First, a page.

# On the Probability of Necessity and Sufficiency of Explaining Graph Neural Networks: A Lower Bound Optimization Approach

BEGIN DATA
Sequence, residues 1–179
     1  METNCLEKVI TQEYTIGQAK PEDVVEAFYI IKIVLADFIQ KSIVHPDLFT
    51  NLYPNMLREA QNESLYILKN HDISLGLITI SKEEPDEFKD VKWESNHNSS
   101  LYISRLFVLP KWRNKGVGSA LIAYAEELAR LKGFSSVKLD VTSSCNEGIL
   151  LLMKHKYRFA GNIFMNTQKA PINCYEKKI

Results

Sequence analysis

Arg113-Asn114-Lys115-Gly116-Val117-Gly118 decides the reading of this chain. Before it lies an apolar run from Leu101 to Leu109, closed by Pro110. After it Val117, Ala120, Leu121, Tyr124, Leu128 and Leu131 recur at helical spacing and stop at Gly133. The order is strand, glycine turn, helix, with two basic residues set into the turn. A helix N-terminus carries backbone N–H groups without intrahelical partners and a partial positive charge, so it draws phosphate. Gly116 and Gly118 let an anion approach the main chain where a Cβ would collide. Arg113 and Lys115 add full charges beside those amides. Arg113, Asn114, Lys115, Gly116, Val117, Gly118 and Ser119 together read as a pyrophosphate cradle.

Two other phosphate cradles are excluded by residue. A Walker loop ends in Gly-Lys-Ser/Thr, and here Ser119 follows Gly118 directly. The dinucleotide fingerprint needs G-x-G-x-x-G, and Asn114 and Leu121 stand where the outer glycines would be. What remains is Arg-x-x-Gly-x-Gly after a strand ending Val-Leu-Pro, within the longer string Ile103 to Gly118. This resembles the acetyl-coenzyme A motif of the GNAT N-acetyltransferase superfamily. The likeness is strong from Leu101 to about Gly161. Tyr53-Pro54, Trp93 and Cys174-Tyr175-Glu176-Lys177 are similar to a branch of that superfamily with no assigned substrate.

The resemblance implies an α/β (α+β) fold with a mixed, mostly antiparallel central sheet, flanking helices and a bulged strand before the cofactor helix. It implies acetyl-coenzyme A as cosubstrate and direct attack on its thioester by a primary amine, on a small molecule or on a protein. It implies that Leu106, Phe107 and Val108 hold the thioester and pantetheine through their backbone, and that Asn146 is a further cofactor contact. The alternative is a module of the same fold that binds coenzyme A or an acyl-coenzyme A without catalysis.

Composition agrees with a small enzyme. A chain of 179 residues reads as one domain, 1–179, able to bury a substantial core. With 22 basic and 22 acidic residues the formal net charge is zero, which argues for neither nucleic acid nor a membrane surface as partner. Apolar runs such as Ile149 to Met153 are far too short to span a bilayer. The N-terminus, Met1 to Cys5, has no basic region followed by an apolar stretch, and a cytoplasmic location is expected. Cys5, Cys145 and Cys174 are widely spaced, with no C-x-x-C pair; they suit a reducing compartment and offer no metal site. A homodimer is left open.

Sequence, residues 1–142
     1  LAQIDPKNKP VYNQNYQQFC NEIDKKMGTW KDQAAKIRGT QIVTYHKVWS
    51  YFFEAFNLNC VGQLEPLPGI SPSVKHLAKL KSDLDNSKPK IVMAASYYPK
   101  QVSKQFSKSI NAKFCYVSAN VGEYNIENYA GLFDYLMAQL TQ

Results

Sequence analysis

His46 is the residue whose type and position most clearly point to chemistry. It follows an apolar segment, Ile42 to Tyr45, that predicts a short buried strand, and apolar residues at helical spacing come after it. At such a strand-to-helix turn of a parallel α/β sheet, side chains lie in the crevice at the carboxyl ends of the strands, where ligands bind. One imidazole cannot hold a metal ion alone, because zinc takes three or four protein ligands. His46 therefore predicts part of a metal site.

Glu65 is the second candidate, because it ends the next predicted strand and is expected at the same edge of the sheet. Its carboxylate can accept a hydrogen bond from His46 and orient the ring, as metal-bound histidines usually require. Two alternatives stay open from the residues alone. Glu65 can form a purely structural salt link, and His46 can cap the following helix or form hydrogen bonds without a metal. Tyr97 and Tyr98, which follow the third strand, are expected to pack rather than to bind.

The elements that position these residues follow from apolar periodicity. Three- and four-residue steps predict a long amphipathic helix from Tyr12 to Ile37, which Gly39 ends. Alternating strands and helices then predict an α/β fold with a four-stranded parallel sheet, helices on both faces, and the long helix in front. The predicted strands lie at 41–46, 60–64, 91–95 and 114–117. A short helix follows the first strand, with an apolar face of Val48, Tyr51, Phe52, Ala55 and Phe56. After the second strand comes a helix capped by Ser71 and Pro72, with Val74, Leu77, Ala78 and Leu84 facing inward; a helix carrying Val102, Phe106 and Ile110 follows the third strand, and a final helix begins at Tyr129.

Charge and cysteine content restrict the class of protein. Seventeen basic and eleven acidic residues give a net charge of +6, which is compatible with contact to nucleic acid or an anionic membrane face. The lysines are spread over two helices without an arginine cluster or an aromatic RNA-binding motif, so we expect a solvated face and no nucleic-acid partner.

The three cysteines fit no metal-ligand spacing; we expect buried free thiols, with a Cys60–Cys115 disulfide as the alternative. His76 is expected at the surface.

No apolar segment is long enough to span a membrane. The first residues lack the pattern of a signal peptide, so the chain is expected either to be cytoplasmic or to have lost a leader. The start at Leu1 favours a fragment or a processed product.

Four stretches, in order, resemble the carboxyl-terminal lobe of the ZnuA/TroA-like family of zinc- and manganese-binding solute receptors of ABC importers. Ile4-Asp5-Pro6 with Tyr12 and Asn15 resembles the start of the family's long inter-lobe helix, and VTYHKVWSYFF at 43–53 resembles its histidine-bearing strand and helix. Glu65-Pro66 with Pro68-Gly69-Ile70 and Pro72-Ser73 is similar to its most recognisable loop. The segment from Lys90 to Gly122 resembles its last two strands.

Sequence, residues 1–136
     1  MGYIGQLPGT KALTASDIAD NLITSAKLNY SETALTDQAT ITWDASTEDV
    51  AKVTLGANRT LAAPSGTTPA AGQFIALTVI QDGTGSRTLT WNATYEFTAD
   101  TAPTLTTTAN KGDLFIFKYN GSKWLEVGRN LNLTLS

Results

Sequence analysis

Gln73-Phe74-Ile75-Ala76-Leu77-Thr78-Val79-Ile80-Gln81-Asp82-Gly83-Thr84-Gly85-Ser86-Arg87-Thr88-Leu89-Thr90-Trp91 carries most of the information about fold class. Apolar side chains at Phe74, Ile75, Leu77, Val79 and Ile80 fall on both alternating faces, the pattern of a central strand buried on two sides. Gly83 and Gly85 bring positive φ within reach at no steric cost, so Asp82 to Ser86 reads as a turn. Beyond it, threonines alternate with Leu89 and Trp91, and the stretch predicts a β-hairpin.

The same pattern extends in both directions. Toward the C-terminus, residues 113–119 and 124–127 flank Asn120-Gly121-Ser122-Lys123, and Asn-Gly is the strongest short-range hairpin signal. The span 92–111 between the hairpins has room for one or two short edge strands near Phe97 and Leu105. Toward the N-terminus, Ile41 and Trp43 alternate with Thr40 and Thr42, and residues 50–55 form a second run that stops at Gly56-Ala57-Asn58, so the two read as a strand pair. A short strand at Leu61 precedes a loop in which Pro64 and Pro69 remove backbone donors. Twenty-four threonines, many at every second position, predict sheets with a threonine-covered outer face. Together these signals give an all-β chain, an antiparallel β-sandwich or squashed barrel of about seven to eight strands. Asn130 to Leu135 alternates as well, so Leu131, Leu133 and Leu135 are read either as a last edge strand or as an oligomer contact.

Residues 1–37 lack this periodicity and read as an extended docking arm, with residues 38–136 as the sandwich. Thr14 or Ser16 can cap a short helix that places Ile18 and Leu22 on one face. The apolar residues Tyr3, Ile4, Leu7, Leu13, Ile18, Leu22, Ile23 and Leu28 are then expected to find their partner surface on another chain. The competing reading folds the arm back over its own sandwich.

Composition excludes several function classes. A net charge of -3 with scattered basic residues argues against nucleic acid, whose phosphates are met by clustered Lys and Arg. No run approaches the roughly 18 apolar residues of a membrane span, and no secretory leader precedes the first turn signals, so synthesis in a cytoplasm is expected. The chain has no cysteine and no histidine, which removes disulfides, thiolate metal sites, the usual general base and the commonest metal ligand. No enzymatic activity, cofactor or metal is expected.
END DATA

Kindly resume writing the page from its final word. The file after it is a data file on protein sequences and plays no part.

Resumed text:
Explainability of Graph Neural Networks (GNNs) is critical to various GNN applications but remains an open challenge. A convincing explanation should be both necessary and sufficient simultaneously. However, existing GNN explaining approaches focus on only one of the two aspects, necessity or sufficiency, or a trade-off between the two. To search for the most necessary and sufficient explanation, the Probability of Necessity and Sufficiency (PNS) can be applied since it can mathematically quantify the necessity and sufficiency of an explanation. Nevertheless, the difficulty of obtaining PNS due to non-monotonicity and the challenge of counterfactual estimation limits its wide use. To address the non-identifiability of PNS, we resort to a lower bound of PNS that can be optimized via counterfactual estimation, and propose Necessary and Sufficient Explanation for GNN (NSEG) via optimizing that lower bound. Specifically, we employ nearest neighbor matching to generate counterfactual samples for the features, which is different from the random perturbation. In particular, NSEG combines the edges and node features to generate an explanation, where the common edge explanation is a special case of the combined explanation. Empirical study shows that NSEG achieves excellent performance in generating the most necessary and sufficient explanations among a series of state-of-the-art methods.

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